Applying Stone Veneer

Discussion in 'Workshop and Home Improvement' started by romegadave, Feb 16, 2012.

  1. romegadave

    romegadave

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    When we first built I applied marine paint to the foundation and the cinder block piers. I know there are problems with applying the traditional mud to lay the faux rock (and we don't want to use the nails to apply the lath)---------anyone had any experience with using liquid nails to apply stone veneer in this manner. We've done a small test on the back side of the pier to see if it will hold given our recent warm weather then cold then warm again here in the south.

    Thanks in advance for any help guys! Dave
     
  2. 45Kevin

    45Kevin

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    These are the cement faux stones right?

    I used mortar to apply mine. I was going over a wood substrate so I applied the metal lath first. I don't think you need to with a concrete substrate though.

    They get set like ceramic tiles and the joints get filled later.

    My only concern would be the integrity of the paint that is currently on your foundation.
     
  3. romegadave

    romegadave

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    Thanks Kev....I failed to mention that I'm only applying the decorative stone on the piers/supports themselves. Our idea was to then fill in the grout after the application. I've always heard that the marine epoxy paint presents a problem if you go the route of using mud to apply the stone.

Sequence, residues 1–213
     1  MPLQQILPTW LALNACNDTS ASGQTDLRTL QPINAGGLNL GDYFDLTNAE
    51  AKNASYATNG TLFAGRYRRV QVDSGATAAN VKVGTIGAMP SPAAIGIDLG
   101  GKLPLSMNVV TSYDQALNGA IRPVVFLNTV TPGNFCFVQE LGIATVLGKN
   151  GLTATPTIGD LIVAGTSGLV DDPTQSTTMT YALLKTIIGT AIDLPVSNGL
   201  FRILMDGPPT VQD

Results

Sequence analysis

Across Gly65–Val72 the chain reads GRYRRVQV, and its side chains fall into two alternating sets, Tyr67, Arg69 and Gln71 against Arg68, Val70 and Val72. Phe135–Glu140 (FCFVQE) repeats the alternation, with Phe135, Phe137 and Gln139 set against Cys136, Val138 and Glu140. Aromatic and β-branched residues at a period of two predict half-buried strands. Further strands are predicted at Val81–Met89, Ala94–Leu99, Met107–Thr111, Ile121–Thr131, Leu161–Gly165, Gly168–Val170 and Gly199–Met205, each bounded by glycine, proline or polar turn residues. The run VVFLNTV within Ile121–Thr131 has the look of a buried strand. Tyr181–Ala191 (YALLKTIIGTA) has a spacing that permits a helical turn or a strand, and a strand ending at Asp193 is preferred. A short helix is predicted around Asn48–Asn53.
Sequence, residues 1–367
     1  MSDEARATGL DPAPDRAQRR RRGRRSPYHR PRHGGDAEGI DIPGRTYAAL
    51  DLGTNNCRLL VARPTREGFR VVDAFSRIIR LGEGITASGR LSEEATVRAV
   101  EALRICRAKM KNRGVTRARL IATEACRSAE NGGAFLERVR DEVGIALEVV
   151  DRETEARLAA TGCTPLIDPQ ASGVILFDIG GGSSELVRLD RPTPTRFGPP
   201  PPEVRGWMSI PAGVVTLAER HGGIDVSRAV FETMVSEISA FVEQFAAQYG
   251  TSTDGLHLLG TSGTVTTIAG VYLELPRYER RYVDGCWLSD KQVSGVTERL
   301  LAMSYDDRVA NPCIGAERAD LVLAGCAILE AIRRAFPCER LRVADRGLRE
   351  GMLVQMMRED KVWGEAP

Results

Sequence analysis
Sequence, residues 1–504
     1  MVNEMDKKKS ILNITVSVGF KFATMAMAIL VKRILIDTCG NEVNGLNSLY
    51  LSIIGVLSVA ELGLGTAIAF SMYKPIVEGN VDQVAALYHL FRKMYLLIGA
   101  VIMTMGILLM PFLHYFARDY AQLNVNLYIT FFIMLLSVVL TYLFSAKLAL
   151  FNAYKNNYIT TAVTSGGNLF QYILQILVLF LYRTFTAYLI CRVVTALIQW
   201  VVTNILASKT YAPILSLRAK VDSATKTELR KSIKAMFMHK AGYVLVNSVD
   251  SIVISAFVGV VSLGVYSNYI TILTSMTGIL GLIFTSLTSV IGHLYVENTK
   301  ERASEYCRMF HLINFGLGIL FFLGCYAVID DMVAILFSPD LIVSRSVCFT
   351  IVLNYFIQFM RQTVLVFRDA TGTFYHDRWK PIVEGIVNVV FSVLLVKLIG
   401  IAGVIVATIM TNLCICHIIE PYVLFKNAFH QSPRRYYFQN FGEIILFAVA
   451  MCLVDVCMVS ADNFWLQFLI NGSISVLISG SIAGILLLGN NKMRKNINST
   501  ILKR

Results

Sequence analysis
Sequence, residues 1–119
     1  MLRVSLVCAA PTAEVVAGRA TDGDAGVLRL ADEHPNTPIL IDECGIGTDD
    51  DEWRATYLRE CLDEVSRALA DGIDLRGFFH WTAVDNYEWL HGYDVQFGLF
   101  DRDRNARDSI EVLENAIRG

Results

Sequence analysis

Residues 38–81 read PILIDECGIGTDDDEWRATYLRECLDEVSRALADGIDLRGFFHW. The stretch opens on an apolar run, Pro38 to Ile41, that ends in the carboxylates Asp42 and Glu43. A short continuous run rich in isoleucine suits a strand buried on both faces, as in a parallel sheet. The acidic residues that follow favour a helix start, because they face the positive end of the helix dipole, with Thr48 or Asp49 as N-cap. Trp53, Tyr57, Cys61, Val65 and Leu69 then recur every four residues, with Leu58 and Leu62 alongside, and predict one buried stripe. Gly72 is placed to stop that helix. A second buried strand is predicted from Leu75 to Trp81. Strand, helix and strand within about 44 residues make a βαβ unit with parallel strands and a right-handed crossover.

4. titanpat57

    titanpat57 SILVER Star

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    I think if you powerwash, wirebrush, then set your wire in thinset and some nails, and then apply your stone, you'll be ok.

    I'm pretty sure when you apply to plywood they recommend appling a 15# building felt first, so there goes sticking to the plywood.
     
  5. romegadave

    romegadave

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    Thanks Pat....but what if I didn't clean the marine coated surface? Do you think the liquid nails will simplly fail in time and just leave a mess?

    If not I do wonder about the grout that we would apply between the stones. Will it fail too?
     
  6. Ebag333

    Ebag333

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    You can get epoxy based grout. I'd really recommend it. Cement grout will change color and look over time, even if you seal it. Epoxy grout is pretty much permanent and requires no sealing (eliminating maintenance that you'll forget to do a few years down the road).

    Can't really help you on applying the veneer though. I know it can be done, I've seen stone applied over cinderblock (and had it hold up), just not sure how they did it. I really don't think you want to use liquid nails, however.
     
  7. romegadave

    romegadave

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    Thanx EBag...you've given me more to think about!!
     
  8. Ebag333

    Ebag333

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    Here's some more.

    Epoxy grout is really easy to use. The big key is to clean, clean, clean, and clean some more.

    If you've got very flat and smooth tiles, or want to fill holes/gaps, then you can float the grout the traditional way. We used it on fake granite tiles, LOTS of ledges/etc didn't want the grout in. After mixing I'd roll it like you would a snake, press it into the cracks, then run the float (you need an epoxy float, it's not the same) as normal. This would keep the grout within an inch or two of the gaps, making clean up easier.

    We cleaned the floor well before we started, and timed it very carefully to clean it up. IIRC there's two cleaning times, one at 20 minutes and another at an hour. I could be off on those, the directions are pretty clear. If you are careful to clean the floors at those times, you won't have any grout that shouldn't be there on the tiles.

    For me (as slow as I am) this makes it a two person job minimum otherwise I can't use all the grout before it hardens (including cleaning time). Some people have reported freezing it to stop the hardening process, I've never done it but if you can't use it all you could try.